Quick highlights from the journalist history of Franklin County over the past 100 years. Taken from the newspaper archives of the Franklin County Citizen and Preston Citizen.
25 Years Ago, September 7, 1994
Hundreds of campers, fisherman and boaters spent the weekend at Oneida Narrows. Sheriff Don Beckstead said the Labor Day weekend went quite well. Weather-wise the weekend also went well, the high temperature was 84 and the low was 46.
Any thoughts of ending year-round school at Pioneer Elementary in Preston were quashed when officials registered 42 more kindergarten-aged children than they anticipated. Last summer school officials had toyed with the idea of placing kindergarten back on a traditional schedule next year.
Fifteen boys of Varsity Scout Team 1037 in Whitney spent four days bicycling from Jenny’s Lake above Jackson Hole, WY, to Preston as part of a special activity. The boys traveled by car to Moose and camped on the lake before beginning the trip home.
Gilbert’s Repair and Farm Equipment Co. in Fairview has recently expanded its operation to include boat construction. About a year ago, Designer Float Systems, a Logan based company, asked Mark and Dallas Gilbert to work on the welding of one-man fishing boats. Since that time, the Gilberts have not only been involved in the welding process of the boats, now they bend and weld the main frame of the one-man and two-man fishing boats.
Preston Carnegie Library is encouraging parents to give their children a “Jump Start” at the library with a new program directed to parents of first, second, and third graders. Several local schools are participating in Jump Start: Pioneer, Oakwood and Harold B. Lee Elementary. Nationally the program is expected to reach two million children and their parents.
50 Years Ago, September 11, 1969
There are no more school bells in the Preston high school and junior high. The bells, at the beginning of school, in between classes, during noon hour and the end of school have been silenced and teachers of the school are pleased with the results.
Elder Bruce R. McConkie, will dedicate the $82,000 addition to the Franklin ward chapel. Elder McConkie is a former attorney, Army security and intelligence officer, newspaper editorial writer and public official. As a General Authority, he has been servicemen’s coordinator and supervises the Church’s Oriental missions.
Any real property owner who has any kind of device to receive the UHF signal, is not entitled to an exemption from the translator district charges.
Franklin County’s 4-H Clubs have had a very successful year, reports Kwen Griffeth, chairman of the Horse Club committee. This year we had 55 boys and girls completing horse club projects.
If your one phone is overworked, so are you. Order an extension... See how nice it can be to have another friend around the house. Call our business office, or ask a telephone man. Get your phone a friend. -Mountain Bell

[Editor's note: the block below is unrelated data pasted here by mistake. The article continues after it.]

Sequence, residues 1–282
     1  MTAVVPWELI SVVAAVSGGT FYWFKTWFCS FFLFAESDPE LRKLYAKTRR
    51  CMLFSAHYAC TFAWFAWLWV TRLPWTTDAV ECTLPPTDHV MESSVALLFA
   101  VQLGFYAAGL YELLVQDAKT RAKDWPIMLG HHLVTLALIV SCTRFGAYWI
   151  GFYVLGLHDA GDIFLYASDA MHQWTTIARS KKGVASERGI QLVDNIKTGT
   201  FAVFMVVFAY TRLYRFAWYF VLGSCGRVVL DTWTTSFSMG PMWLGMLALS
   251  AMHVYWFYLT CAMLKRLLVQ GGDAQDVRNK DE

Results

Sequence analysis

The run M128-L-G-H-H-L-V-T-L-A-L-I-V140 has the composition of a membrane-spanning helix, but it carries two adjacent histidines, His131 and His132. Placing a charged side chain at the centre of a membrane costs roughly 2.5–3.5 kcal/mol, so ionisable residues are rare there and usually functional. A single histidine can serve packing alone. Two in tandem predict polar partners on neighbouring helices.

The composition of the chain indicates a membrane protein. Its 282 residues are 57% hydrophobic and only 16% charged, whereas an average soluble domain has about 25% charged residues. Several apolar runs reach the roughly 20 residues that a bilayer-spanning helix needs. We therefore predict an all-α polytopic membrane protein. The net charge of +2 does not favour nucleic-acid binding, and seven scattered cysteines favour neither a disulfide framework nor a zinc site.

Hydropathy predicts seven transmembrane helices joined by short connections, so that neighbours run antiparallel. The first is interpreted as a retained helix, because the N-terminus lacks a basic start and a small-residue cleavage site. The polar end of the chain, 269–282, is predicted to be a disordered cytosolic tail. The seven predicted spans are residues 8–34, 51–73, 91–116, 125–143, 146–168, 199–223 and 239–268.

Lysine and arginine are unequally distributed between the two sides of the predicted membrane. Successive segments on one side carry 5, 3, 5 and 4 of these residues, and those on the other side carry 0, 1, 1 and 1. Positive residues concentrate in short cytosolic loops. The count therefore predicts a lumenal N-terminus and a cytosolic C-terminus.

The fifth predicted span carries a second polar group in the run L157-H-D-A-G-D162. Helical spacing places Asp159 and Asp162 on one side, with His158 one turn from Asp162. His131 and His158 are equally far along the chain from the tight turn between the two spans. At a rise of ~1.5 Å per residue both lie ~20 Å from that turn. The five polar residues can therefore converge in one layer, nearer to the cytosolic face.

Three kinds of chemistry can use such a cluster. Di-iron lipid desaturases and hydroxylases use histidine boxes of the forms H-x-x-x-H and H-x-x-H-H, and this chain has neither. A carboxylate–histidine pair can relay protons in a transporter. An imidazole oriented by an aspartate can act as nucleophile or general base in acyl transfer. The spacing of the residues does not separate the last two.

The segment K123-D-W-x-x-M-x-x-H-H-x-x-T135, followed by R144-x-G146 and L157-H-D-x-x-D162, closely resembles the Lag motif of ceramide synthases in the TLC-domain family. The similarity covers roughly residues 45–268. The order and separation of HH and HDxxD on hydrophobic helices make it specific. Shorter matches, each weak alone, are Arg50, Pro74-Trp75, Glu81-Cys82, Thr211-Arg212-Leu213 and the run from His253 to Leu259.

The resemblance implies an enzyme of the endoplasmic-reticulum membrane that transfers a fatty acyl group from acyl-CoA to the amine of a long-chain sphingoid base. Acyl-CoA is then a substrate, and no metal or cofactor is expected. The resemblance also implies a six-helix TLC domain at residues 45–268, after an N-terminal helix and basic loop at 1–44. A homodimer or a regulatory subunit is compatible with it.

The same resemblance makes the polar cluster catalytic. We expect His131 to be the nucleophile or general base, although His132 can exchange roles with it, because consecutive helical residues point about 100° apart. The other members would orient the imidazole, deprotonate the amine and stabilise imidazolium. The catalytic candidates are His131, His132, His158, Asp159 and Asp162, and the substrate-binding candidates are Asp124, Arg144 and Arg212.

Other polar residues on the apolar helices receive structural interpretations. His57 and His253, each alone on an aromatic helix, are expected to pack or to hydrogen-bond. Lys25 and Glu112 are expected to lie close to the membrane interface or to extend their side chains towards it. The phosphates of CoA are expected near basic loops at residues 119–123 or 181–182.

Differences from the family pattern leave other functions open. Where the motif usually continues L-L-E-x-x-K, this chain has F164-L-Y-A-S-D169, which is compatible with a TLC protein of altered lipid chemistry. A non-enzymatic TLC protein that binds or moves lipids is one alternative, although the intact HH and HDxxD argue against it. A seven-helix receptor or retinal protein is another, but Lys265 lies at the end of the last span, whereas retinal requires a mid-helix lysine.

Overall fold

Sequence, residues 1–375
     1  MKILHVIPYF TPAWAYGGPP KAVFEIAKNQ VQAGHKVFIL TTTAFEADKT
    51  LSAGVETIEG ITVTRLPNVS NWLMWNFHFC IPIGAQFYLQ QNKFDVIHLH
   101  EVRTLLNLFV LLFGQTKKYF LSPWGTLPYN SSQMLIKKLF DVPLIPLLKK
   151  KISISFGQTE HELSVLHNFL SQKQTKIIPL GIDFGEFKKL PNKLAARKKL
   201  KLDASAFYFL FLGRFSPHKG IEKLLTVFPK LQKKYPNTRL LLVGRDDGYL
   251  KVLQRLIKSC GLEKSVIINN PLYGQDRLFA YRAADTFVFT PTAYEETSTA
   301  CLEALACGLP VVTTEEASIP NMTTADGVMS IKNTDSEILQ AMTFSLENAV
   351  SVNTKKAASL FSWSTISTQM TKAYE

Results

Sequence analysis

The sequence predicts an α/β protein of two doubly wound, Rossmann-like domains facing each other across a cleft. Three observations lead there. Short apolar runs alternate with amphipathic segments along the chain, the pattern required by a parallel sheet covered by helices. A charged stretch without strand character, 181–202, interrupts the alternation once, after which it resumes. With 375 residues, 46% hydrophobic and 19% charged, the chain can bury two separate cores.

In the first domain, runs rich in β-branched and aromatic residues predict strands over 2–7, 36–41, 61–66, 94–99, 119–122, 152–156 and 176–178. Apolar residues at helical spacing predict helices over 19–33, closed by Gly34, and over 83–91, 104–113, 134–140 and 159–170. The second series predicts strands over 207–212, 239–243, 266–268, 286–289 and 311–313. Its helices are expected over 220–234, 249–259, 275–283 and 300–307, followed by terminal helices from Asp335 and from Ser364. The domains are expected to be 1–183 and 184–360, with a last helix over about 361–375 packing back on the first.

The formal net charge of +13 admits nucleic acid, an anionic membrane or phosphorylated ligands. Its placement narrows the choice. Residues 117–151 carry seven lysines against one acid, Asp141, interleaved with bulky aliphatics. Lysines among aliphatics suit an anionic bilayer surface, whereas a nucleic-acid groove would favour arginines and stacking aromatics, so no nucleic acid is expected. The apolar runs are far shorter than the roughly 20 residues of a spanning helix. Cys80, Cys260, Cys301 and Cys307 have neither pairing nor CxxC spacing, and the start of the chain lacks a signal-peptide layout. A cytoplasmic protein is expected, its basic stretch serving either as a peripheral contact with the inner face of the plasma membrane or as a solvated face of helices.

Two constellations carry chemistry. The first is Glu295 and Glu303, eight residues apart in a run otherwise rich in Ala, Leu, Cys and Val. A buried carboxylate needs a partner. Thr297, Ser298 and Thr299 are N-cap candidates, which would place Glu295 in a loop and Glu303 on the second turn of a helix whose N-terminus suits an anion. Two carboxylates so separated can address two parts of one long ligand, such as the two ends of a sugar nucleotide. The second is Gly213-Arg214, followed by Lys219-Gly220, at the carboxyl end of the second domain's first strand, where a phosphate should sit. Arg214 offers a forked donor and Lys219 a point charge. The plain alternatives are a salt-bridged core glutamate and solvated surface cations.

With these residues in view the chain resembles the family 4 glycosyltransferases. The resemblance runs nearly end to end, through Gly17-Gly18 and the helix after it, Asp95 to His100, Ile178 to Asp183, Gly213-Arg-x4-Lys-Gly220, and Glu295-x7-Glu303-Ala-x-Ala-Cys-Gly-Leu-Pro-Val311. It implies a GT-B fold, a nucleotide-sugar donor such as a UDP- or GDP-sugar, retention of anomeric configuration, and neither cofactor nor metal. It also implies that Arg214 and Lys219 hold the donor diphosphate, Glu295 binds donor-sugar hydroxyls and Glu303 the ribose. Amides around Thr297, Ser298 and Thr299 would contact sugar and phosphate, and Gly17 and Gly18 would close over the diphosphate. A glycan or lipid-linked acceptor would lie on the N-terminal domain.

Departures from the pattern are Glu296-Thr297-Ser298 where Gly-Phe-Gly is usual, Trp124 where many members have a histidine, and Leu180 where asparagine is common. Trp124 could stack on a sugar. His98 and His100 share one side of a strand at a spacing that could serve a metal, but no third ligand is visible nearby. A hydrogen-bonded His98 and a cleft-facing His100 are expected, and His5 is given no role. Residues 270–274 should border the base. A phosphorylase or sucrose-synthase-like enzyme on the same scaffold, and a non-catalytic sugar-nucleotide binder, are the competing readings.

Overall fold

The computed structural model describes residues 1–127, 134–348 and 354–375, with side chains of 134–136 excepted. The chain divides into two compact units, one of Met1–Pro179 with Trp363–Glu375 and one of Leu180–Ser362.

Yes, there are some parallels between the recent religious riots in Northern Ireland and our own black-white ferment. For one important one, a minority considers itself discriminated against. -Paul Harvey
75 Years Ago, September 14, 1944
Jefferson Cafeteria, which serves lunches to school children of the Preston schools, is working under government supervision to improve the health of our boys and girls. Last year the cafeteria served 54,450 noon meals, each furnishing one-third of the nutritional requirements for the average child for a day. The cafeteria will open again after harvest vacation.
Twenty-seven Franklin County men were named by the local board of Selective Service to fill the September call. They will leave Sept 23 for Ft. Douglas, UT.
More help is needed if this month’s quota of USO Scrap books are made available to boys on the front lines. The Red Cross is planning on winding-up the scrap book project that has been carried out this summer.
The farm implement business in Preston has undergone a complete change of ownership and management, climaxed this week by the sale of the Stanger Implement company to T. C. Palmer and his sons, Leo and Shirley Palmer of Winder. Leo Palmer will manage the new firm which will be known as Palmer Implement, continuing with the Case line of machinery and the new owners plan to remodel the quarters when possible.
100 Years Ago, September 11, 1919
There will be a mass meeting of farmers and business men in the city, for the purpose of outlining plans for completion of the Glendale reservoir and dam. All farmers and business men should be on hand.
Someone is spreading abroad the rumor that Riverview Sanitarium is closed for the winter. This is not correct. They intend to run the place all winter, so Mr. Margetts informs us, so that those who are suffering with rheumatism and other ailments, can receive care and treatment. New improvements will be put in; shower baths and medical aid will be in attendance if needed.
An education campaign is now on. Oneida Academy officials propose to push the matter quite vigorously. People of Preston should make a special effort to provide places for these students. Many say that it is practically impossible to find boarding places and rooms to rent. Those who have spare rooms should feel it a duty to fix them up for the use of students and teachers; those who are situated so that they can take boarders should make their accommodations known.
The Citizen has been delayed in its publication from no fault of the owners. When our new building was purchased we hastily decided on moving the plant. In taking the large press to pieces we found one of the gear wheels had been partly stripped, and rather than wait for sending back east for the part, we shipped the piece into Salt Lake for fixing. We found out that we had picked a most unfortunate time to have this done, because every foundry in Utah’s capital city was on strike.